Thursday, November 08, 2007

Second Wood Scarf Woven

The first few days back at home after a show, I spend all my time putting stuff away, doing laundry, and playing bookkeeper (my favorite part of doing craft shows - yeah, right!). It always takes a few days before I can get back to the loom, and by the time I do manage to squeeze in a few hours of weaving, I'm absolutely itching to throw a shuttle and watch cloth emerge.

Here's scarf #2 in the latest wood series. I started the weaving before the show, and finished it just yesterday.

I always love seeing the pattern emerge. With this lighting, and viewed from this angle, you can see both threading design lines - one a large networked curve, the other a steep networked line. The treadling is another large networked curve, which makes the matching design line in the threading show as big oval shapes, and turns the steep line into parallel wave-like lines. I expect that once the cloth is wet-finished, the designs will appear and disappear depending on viewing angle and lighting.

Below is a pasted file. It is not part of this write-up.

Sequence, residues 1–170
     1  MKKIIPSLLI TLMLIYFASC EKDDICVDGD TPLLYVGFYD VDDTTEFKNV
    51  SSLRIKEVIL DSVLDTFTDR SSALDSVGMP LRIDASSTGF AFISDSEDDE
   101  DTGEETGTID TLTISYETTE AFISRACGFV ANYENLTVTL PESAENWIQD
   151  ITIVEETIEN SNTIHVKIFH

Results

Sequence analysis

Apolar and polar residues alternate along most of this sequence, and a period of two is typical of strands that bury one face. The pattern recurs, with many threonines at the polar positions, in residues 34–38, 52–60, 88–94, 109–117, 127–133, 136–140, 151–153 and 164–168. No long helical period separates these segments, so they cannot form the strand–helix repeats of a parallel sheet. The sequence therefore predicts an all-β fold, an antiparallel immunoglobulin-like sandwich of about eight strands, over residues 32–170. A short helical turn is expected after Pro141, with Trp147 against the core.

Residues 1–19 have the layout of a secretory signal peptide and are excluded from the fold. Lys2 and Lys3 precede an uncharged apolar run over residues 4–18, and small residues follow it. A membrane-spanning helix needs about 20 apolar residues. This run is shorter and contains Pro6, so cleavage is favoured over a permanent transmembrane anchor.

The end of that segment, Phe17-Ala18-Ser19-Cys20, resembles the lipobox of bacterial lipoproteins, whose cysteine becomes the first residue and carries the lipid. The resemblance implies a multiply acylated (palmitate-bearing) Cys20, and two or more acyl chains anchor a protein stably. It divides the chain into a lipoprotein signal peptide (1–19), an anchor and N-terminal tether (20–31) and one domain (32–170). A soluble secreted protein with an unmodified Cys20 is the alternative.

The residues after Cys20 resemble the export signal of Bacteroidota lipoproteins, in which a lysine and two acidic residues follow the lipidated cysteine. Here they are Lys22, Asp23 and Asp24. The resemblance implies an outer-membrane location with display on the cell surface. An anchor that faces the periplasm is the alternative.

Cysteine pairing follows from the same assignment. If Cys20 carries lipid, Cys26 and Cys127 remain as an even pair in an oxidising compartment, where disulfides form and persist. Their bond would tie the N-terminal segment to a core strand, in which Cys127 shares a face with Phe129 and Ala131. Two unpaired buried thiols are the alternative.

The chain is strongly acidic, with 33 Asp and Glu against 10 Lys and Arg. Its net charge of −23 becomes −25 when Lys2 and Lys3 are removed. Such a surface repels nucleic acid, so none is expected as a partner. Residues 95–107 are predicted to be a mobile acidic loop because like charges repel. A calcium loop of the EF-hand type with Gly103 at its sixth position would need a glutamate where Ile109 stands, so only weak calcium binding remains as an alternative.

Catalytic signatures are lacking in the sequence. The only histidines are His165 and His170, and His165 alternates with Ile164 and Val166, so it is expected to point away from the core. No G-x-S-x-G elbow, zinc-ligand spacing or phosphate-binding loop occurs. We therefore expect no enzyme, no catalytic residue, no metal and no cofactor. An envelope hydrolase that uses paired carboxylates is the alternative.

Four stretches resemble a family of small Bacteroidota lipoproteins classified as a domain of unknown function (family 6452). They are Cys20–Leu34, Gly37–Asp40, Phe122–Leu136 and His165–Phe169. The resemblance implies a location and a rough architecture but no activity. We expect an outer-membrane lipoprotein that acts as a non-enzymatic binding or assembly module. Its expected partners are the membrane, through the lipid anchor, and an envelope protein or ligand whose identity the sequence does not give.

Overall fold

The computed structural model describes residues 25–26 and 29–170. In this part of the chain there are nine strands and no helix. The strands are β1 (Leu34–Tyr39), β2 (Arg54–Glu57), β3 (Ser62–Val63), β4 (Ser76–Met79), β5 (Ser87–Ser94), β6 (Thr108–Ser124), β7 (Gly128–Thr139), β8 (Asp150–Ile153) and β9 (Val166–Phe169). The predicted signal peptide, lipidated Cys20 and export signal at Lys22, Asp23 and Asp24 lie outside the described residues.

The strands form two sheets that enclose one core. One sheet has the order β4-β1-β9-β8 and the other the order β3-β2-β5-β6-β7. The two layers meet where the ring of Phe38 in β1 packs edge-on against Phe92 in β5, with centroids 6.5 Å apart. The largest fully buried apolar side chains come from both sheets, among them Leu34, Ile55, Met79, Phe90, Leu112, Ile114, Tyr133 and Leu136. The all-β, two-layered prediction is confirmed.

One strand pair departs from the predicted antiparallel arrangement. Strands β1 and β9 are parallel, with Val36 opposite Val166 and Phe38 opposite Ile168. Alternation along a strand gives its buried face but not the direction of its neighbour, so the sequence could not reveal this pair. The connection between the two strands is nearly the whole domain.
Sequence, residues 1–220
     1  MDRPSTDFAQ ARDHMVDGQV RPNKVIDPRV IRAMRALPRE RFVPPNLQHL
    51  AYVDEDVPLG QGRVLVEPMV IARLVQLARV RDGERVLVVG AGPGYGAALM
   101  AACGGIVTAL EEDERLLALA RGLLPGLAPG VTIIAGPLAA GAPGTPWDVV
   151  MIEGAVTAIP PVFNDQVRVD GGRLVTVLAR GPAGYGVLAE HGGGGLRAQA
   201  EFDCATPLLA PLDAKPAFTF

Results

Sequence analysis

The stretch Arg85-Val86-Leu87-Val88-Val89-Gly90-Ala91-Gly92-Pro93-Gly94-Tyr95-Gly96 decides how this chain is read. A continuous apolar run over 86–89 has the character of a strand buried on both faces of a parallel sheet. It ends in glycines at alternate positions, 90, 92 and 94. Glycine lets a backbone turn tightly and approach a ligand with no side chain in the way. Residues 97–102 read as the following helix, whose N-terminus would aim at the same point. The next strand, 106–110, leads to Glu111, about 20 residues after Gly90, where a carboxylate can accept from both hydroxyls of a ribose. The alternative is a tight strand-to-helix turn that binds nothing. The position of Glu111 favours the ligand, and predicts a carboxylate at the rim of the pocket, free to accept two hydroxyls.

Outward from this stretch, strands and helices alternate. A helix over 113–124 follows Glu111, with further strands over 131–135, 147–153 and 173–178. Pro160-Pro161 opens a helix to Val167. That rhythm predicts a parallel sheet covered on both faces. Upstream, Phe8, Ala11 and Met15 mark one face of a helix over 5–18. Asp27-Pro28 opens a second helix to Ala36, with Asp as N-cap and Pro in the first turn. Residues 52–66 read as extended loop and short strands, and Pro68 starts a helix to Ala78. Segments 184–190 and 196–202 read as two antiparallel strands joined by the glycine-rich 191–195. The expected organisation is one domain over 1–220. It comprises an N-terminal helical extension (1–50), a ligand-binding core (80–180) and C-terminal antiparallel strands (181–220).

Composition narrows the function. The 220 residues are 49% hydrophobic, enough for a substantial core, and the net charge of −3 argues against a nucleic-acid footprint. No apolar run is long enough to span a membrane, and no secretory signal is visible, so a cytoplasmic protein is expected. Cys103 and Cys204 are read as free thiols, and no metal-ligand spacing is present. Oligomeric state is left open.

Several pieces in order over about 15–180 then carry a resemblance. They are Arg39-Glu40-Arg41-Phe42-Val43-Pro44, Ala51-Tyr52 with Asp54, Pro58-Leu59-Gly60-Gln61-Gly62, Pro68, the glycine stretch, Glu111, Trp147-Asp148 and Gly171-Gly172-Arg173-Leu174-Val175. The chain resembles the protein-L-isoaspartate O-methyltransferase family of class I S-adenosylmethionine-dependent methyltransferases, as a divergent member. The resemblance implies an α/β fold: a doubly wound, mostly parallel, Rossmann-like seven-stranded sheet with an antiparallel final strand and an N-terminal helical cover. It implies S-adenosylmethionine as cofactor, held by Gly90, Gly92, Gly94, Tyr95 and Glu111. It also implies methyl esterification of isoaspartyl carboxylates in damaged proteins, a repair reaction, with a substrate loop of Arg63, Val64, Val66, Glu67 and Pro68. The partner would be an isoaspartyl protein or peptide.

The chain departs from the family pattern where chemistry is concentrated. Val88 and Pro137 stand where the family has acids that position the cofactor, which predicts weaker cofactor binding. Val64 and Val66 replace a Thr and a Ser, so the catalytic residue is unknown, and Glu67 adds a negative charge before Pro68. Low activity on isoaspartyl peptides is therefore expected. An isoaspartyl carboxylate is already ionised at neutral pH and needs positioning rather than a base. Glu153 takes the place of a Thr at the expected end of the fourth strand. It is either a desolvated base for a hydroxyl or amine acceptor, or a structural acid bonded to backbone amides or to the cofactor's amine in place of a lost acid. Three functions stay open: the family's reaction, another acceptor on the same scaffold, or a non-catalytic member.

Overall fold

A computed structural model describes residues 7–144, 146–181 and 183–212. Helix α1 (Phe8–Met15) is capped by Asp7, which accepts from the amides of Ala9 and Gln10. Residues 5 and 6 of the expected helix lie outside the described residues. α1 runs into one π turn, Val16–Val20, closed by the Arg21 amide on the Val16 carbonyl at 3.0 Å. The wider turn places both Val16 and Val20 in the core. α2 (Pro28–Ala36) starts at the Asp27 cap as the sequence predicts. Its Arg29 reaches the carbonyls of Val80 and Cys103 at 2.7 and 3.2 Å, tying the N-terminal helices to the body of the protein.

My weaving software does its best to help me visualize the final cloth, but since hue and value and saturation play such a major role in the appearance of the finished cloth, it's a challenge to give the software the right information so it can show me what to expect. It's a good thing that I welcome surprises - it's okay with me if what I see on the monitor doesn't quite match reality.

Scarf #3 is just a few inches along, so pictures will have to wait until later.

In the meantime, there are jars of wood shavings in the garage busily extracting color. Redwood from DH's recent redwood burl turnings is becoming a wonderful deep red-brown. Red-bark eucalyptus is also hinting at a nice rosy shade. Walnut shavings are promising to be dark, lovely brown, and an unnamed Brazilian hardwood is going to be spectacular. And, wonder of wonders, the buckeye hulls I put in a jar weeks ago is now surrounded by a yellow-green liquid. Whether it will make dye, or just a perfect tannin mordant for cellulose yarns remains to be seen.

And, mirabile dictu, the fragments of an umbilicaria-type lichen I put to soak in ammonia have turned the liquid a brilliant scarlet, so I'll be harvesting as much as possible from the landscaping rocks in our back garden to dye a scarf's-worth of weft.

1 comment:

Country Mouse said...

I gasped aloud at the beauty when I saw this second wood scarf. Spectacular.